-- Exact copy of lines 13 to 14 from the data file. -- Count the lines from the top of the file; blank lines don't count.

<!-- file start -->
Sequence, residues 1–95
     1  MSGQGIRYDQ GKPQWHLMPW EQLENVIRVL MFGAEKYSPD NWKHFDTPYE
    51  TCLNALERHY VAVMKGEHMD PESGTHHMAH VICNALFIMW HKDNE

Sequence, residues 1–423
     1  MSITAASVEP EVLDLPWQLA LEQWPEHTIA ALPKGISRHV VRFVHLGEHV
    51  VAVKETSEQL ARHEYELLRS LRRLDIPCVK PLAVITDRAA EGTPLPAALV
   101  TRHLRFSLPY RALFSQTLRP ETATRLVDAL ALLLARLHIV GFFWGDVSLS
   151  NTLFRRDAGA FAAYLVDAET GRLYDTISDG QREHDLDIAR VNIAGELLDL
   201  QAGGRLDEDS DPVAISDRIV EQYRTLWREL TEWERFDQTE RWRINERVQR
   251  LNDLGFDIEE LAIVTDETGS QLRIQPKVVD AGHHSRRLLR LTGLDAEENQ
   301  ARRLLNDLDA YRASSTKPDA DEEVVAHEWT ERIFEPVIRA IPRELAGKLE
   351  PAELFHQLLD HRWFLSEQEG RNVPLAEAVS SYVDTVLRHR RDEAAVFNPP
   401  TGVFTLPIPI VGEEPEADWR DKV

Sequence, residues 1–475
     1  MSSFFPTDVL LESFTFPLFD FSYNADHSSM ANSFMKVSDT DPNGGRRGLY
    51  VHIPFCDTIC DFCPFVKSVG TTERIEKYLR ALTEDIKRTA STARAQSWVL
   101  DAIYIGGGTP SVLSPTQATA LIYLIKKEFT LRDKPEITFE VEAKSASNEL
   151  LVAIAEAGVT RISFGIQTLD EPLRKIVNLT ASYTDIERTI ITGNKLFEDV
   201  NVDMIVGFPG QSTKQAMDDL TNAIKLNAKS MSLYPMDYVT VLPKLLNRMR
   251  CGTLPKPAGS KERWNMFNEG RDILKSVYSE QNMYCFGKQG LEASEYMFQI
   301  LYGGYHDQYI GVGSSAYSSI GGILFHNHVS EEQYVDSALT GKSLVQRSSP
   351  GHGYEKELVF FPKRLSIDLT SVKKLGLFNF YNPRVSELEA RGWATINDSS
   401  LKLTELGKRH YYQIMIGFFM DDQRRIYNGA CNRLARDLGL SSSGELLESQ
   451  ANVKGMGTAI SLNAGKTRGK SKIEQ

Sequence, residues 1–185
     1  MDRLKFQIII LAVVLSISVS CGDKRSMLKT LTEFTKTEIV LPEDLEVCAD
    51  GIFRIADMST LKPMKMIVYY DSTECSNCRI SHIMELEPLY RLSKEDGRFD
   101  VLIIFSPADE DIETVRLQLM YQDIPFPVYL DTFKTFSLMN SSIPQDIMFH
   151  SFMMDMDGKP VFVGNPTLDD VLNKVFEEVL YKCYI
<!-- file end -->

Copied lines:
   401  TGVFTLPIPI VGEEPEADWR DKV

Sequence, residues 1–475